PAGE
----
Chicken Salad Chick also announced expansion into Texas with its newest restaurant in Spring. The new restaurant marks the brand’s first in the Houston area, with a second restaurant in Conroe near The Woodlands and a third Houston location slated to open next year. Located at 21630 Kuykendahl Road, the Spring restaurant will open on November 7th and is owned and operated by franchisee team Jake Alleman and Cody Gielen of Cojak Enterprises, LLC.

Chicken saladChicken Salad Chick is also expanding in Tennessee with its second location in the Knoxville area, marking the brand’s 10th location in the state. Chicken Salad Chick has continued to establish Tennessee as a prime market for expansion, with this new location coming on the heels of restaurant openings in Spring Hill, Memphis and Knoxville earlier this year. Located at 726 Watkins Road, the Maryville restaurant opened in early October.

Chicken Salad Chicks isn't the only concept growing.  Cowboy Chicken, the Dallas-based rotisserie chain known for its wood-fired chicken and handmade side dishes, opened in Bakersfield California in October.  TEXACAL Foods owners and operations partners Roche and Phil Fontes joined with Cal Capitol Investment Group’s Daniel and Doug Shaffer to bring the growing Cowboy Chicken brand to the Golden State. Born and raised in Bakersfield, both Fontes and the Shaffers still live in the area and look forward to doing business in their community. Roche, an industry veteran and California native, experienced Cowboy Chicken in Texas while at lunch with a friend and instantly fell in love with the great food and the friendly atmosphere. TEXACAL Foods and Cowboy Chicken have signed the largest franchise agreement to date, with 30 Cowboy Chicken locations planned across California.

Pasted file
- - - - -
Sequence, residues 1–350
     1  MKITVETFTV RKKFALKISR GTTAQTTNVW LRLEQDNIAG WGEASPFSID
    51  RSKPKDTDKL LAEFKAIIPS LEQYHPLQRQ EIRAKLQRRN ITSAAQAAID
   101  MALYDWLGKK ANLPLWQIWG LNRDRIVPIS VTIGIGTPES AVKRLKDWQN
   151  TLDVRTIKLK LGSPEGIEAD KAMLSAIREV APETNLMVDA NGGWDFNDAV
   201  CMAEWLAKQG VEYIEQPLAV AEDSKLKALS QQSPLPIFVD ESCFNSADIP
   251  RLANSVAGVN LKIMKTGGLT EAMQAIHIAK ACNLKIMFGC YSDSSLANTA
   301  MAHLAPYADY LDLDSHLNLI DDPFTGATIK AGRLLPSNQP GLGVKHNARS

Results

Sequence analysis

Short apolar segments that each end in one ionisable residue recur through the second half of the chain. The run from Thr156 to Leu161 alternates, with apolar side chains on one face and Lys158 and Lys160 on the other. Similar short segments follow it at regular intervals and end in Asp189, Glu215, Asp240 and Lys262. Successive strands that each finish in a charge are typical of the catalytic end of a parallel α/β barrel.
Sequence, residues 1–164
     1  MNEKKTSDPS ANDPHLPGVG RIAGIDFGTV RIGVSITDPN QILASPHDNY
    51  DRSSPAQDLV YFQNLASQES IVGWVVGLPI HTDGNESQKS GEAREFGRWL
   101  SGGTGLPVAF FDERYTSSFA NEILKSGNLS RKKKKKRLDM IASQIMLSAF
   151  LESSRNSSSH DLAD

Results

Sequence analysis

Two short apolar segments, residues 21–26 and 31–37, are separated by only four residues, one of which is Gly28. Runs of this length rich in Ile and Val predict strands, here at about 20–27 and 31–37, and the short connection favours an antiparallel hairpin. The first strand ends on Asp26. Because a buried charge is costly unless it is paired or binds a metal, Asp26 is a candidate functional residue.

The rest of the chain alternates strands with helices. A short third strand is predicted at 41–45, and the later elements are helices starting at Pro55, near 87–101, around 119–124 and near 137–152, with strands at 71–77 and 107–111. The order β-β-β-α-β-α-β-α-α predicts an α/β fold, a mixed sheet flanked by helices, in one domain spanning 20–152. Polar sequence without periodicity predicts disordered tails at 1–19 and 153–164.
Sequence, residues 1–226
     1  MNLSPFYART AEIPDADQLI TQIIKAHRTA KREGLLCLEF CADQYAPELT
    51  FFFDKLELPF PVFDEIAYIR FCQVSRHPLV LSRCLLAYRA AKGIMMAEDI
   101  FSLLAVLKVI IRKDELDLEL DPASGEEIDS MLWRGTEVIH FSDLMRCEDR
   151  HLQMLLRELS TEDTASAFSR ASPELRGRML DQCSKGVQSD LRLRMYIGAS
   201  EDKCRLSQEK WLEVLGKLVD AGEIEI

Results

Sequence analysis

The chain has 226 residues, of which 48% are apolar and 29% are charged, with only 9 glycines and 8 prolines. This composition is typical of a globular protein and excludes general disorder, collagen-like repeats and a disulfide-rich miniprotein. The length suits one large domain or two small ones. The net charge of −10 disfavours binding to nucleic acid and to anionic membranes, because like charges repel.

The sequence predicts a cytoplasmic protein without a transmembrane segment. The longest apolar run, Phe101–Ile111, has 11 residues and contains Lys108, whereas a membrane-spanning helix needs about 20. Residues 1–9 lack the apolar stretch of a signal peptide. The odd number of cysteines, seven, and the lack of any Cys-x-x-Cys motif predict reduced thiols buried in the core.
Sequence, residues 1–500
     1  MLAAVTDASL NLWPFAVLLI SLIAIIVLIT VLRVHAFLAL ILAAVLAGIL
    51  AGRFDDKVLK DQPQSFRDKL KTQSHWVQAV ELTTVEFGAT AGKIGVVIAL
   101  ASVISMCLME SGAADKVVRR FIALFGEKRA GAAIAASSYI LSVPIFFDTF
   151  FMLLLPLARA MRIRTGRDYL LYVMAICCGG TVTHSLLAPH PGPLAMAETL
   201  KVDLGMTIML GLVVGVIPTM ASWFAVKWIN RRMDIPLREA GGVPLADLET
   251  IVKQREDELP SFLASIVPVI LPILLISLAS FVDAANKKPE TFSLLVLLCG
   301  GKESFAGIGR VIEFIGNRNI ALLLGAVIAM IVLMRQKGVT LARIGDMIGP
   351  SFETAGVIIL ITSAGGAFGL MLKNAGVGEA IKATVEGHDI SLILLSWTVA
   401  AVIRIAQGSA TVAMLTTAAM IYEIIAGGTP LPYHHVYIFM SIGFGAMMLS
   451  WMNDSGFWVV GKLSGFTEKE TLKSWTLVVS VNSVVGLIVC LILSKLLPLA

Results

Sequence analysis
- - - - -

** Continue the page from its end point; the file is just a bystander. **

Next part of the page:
From chicken to bars, breweries and alcohol themed concepts, a few locations with a strong emphasis on alcohol are opening or planned as franchise restaurant sales are announced nationwide. 

walk onBrusly, Louisiana is the site of the newest Walk-On’s Bistreaux & Bar.  The popular Baton Rouge-based brand opened an 8,100 square foot restaurant in early October.  Walk-On’s is renowned for its signature Louisiana-inspired menu.  This is the 24th store for the brand. Following a record-breaking year of franchise expansion, Walk-On’s has captured the top spot in two categories of Technomic’s 2018 Top 500 Chain Restaurant Report.

Old Chicago Pizza & taproom, a full-service restaurant known for its world class beer list full of local and regional craft beer offerings, combined with its delicious, hand crafted pizza and taproom fare, opened its latest location in Columbus Georgia this month.  The new store is at 6581 Whittlesey Blvd. This is the first Old Chicago in Georgia and the 109th location nationwide.